ATLANTA – If your mother or sister had four or more alcoholic drinks at the New Year’s Eve party, and imbibes that much or more at every social gathering, she might be a binge drinker.

Binge drinking continues to be a worrisome, underrecognized health problem among women and girls, according to a Centers for Disease Control report issued Tuesday. Nearly 14 million women binge drink about three times a month, and consume an average of six drinks per binge, the CDC report said.

“It is alarming to see that binge drinking is so common among women and girls, and that women and girls are drinking so much when they do,” said Robert Brewer, of the CDC’s Alcohol Program. Binge drinking for women is defined as consuming four or more alcohol drinks, such as beer, liquor or wine, on an occasion.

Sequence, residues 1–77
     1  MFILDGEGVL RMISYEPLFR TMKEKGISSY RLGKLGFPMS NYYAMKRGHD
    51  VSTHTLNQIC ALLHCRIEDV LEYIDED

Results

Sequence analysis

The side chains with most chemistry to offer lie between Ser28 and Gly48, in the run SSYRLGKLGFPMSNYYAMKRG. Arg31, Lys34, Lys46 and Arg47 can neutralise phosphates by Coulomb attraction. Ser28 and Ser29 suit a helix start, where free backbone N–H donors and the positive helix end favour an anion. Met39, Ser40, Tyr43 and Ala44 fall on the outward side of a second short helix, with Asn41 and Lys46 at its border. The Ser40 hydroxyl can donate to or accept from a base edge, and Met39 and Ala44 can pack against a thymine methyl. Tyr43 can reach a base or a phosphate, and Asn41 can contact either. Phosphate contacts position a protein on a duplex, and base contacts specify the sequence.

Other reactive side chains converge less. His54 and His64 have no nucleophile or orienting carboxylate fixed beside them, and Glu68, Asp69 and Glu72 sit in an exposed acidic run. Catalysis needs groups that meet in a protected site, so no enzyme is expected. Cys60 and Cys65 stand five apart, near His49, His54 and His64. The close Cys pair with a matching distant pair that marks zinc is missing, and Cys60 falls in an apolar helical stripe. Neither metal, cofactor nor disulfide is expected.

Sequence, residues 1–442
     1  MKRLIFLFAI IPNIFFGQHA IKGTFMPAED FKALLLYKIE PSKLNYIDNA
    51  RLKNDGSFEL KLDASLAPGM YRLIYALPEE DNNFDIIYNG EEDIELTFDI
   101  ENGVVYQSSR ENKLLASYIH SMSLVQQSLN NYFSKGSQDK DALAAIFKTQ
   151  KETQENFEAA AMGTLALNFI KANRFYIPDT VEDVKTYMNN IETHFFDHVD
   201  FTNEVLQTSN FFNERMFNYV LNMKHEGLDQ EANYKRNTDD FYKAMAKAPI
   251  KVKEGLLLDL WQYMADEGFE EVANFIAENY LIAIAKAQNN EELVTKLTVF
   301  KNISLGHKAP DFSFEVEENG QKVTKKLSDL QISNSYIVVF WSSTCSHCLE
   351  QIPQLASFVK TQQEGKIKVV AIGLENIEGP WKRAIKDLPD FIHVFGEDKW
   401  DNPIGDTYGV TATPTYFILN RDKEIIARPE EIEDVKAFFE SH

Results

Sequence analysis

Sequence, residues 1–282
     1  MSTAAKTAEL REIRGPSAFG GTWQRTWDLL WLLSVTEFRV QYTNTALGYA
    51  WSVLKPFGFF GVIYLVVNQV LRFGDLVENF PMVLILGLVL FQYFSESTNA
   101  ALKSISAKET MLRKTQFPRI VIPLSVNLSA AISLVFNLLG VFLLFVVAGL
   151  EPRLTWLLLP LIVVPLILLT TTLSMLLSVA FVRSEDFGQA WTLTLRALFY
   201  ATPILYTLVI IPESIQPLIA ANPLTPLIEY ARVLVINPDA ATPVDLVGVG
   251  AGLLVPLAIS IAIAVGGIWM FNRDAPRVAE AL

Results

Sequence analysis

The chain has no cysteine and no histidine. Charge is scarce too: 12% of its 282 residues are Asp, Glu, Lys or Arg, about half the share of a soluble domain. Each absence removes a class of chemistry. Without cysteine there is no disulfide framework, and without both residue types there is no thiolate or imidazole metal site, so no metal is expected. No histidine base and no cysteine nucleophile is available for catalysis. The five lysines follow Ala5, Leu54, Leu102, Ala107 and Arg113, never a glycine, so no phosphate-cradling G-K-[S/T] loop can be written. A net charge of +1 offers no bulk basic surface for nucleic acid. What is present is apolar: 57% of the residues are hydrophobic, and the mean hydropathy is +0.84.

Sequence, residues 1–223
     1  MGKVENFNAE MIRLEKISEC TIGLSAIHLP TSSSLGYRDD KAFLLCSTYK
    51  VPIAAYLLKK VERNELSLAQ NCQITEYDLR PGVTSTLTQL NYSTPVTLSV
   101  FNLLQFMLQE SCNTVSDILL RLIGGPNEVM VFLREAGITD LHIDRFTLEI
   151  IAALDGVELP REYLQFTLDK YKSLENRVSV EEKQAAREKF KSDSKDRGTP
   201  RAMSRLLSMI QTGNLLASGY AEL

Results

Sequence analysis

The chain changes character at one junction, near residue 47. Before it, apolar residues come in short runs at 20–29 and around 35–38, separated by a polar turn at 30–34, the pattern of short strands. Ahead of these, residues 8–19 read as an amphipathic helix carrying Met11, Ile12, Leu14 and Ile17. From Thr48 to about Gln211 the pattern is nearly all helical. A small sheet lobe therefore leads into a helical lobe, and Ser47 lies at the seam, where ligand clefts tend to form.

According to the report, which is based on results of a 2011 phone poll of about 278,000 women and 7,500 high school girls:

About 1 in 8 women and 1 in 5 high school girls report binge drinking.

Women who binge drink do so frequently — about three times a month — and have about six drinks per episode.

Binge drinking was most common among white and Hispanic women, and among women with household incomes of $75,000 or more.

Half of all high school girls who drink alcohol report binge drinking. Girls are quickly catching up to boys when it comes to binge drinking.

Binge drinking results in about 23,000 deaths in women and girls each year.

Binge drinking puts women at a higher risk for many health problems, such as breast cancer, sexually transmitted diseases, heart disease and unintended pregnancy, said CDC Director Thomas Friedan.

Brewer said effective ways exist to curb binge drinking among women and girls. “The same scientifically proven strategies for communities and clinical settings that we know can prevent binge drinking in the overall population can also work to prevent binge drinking among women and girls,” he said.